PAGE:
For two years, Shiloh Champagne, an 8-year-old from LaPlace, begged her mother to sign her up for chess lessons.
For a while, her mom didn’t know where to send her. Then Champagne won the lottery for a place at John L. Ory Communications Magnet Elementary School, where a friend’s father had just started a chess club for students.
The club has been a “blessing” for Shiloh, said her mother, Dorlisa Fobb. Since joining the club this year, she’s more engaged in her studies, more comfortable with “high order thinking” and generally inspired to work harder.
On Saturday, as Shiloh sat playing against her peers at the New Orleans Chess Festival, her mother lamented that more schools in the area don’t offer opportunities to learn chess.
According to the latest count by festival coordinator and author Michael Tisserand, only 26 schools in Orleans and Jefferson parishes offer chess programs. There are even fewer in surrounding parishes, parents said.
“If many more parents would do this, our children could learn more,” Fobb, 45, said about her daughter’s chess club.
That’s exactly the kind of thinking that prompted the festival, which celebrated its second year at the Rosa F. Keller Library and Community Center in Broadmoor. Nicknamed “Chess Fest,” the event was designed to encourage more area schools and parents to develop scholastic chess programs.
This year, there was another goal, Tisserand said: to get more girls in the game.
To that end, he was excited to present headliner Irina Krush, who recently was deemed by Business Insider the “greatest American female chess player in history” after winning her seventh U.S. Chess Championship.
Krush, who was the first American woman to become a grandmaster, demonstrated her abilities Saturday by giving a blindfold chess demonstration, where she told a partner where to move the pieces while picturing the board in her mind.
She also played simultaneous games on 21 chessboards at once. Audience members watched as Krush dashed from game to game, spending anywhere from a second to about a minute on each move.
“It’s crazy!” said 8-year-old Sachin Dasa, a member of the Newman School Chess Club, as he looked on with wide eyes.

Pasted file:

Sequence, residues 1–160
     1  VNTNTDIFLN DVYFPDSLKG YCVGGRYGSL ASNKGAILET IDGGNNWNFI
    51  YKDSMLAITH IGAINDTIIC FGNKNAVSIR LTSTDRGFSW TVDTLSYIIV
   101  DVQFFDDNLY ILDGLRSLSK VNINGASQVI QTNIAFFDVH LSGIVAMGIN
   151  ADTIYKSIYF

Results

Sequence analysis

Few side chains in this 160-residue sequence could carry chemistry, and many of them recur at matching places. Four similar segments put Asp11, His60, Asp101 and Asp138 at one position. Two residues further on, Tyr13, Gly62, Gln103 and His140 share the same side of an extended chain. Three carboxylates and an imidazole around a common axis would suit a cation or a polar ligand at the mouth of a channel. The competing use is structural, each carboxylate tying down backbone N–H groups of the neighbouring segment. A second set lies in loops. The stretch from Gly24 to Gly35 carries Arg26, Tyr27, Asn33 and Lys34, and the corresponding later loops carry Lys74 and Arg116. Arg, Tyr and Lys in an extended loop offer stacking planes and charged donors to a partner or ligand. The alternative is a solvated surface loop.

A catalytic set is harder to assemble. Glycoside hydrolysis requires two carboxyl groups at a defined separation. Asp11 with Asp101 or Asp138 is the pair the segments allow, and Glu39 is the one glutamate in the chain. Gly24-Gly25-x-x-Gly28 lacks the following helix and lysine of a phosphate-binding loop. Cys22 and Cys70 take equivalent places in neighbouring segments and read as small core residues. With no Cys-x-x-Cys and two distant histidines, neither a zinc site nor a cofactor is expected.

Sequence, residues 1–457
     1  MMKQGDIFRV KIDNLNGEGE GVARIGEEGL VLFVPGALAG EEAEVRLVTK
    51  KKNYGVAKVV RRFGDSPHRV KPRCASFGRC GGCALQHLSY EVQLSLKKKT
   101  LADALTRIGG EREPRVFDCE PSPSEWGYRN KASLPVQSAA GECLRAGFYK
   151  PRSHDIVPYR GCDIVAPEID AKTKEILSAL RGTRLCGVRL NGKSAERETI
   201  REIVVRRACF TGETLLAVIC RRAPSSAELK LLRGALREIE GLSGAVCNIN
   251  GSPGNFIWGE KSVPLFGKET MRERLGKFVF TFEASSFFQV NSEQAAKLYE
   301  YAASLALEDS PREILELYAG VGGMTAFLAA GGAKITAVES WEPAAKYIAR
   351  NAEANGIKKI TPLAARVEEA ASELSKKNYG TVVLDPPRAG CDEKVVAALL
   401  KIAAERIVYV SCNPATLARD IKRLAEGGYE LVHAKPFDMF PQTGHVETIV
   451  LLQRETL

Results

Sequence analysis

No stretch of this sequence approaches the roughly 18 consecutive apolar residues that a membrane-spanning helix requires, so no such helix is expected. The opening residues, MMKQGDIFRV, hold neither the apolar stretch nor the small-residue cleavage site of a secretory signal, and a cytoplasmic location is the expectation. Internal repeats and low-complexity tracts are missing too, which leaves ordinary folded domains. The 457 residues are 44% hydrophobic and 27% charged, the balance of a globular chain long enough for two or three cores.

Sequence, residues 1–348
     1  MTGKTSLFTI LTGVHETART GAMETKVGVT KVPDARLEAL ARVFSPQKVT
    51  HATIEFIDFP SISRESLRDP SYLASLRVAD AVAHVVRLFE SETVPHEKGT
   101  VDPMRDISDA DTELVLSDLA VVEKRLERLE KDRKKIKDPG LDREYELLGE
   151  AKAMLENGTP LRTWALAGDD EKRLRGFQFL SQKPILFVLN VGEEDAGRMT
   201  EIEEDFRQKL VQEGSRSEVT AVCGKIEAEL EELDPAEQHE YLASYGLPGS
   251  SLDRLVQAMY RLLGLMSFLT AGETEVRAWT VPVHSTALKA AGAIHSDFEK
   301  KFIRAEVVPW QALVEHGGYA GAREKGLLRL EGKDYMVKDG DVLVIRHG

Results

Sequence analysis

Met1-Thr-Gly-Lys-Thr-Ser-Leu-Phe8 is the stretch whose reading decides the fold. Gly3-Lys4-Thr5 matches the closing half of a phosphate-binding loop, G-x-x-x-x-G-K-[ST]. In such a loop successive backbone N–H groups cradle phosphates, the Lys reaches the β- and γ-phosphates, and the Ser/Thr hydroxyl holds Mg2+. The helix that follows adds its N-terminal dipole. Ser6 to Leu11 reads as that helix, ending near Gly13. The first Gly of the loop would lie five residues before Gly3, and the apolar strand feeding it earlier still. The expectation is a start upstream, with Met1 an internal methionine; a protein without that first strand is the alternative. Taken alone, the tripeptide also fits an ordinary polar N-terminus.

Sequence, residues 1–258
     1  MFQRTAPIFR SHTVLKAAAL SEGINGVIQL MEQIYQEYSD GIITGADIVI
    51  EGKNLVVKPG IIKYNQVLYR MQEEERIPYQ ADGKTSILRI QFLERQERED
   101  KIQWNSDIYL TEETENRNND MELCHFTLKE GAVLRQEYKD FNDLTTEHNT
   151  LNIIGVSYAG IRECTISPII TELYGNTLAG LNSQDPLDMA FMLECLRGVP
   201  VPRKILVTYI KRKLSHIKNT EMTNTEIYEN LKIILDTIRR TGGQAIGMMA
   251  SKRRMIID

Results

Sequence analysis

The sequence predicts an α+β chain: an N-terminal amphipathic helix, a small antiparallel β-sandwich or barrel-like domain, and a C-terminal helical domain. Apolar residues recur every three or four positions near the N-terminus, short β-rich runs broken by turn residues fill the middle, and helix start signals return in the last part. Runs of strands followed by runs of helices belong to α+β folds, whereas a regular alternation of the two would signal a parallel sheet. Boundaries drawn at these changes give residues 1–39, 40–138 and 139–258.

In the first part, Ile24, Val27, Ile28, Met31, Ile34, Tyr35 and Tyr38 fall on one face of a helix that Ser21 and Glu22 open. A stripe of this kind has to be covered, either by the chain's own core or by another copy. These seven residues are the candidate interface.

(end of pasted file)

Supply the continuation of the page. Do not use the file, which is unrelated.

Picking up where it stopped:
His sister, 6-year-old Anjali Dasa, agreed. “It’s so cool,” she said.
On Saturday, Krush said she was happy to be a role model for children, especially girls, pointing out that of all the world’s grandmasters of chess, only 2 percent are women.
“It’s a big benchmark in chess, to become a grandmaster,” she said. “You have to play thousands of hours of chess. It’s a testament to your work and devotion to the game.”
Tisserand was equally enthusiastic.
“It’s exciting to be in the presence of someone who is so focused on being the best that they do,” he said about Krush, who has been teaching his 17-year-old daughter Cecilia over Skype for years. “My hopes are that by showing her as a role model, that women can become superstars in chess as well.”
He pointed to an article in Scientific American, which discussed why so few girls stick with chess long enough to become masters, like Krush. The article said girls have long been subject to a “stereotype threat” that affects their performance against boys, in chess and elsewhere. Essentially, anxiety over performing worse than boys — a reaction to a stereotype — often manifests itself in real-world performance gaps.
Tisserand, who said he’s seen firsthand what chess can do for young women, said he has long been working to counteract the added pressure that girls feel. He began 11 years ago, when Cecilia, then 6, began playing.
Ultimately, Cecilia did well. After joining Lusher Charter School’s chess team, she went on to play championship games. Eventually, she assumed a leadership role and started a chess team at a camp where she was a counselor.
“It’s a very unique part of her life,” Tisserand said, adding that the game boosted her confidence and helped dictate the way she approaches problem-solving in general. “When you play chess, your plan has to be extraordinarily both complex and direct.”
Tisserand, who long coached the chess program at Lusher, also has remained dedicated to the game since he started playing with his daughter.
On Saturday, he joined chess enthusiasts from all over the country to share their love of the game, in a variety of outlets.
For example, the festival featured a Harry Potter-style “living chess” game for the second year, encouraging younger chess players to get excited about the game. Wearing black and white shirts painted as pawns, bishops and other pieces, the kids re-enacted a famous game played by 19th-century New Orleans chess legend Paul Morphy.
As the kids giggled, jumped around and made faces at one another, former Louisiana chess champion James Rousselle reprised his role as Morphy, a prodigy and unofficial world champion.
Saturday’s event also featured all-day chess tournaments, chess-themed crafts, lessons and other events for players big and small.
Next year, Tisserand hopes to expand the festival by presenting a tournament for higher-ranked players, in addition to lessons and games for those who are less experienced.
“There’s nothing better than seeing a kid surprise themselves at what they can do,” he said, adding that the game’s future in New Orleans will depend on making opportunities for kids to play at all levels. “That’s why there’s Chess Fest.”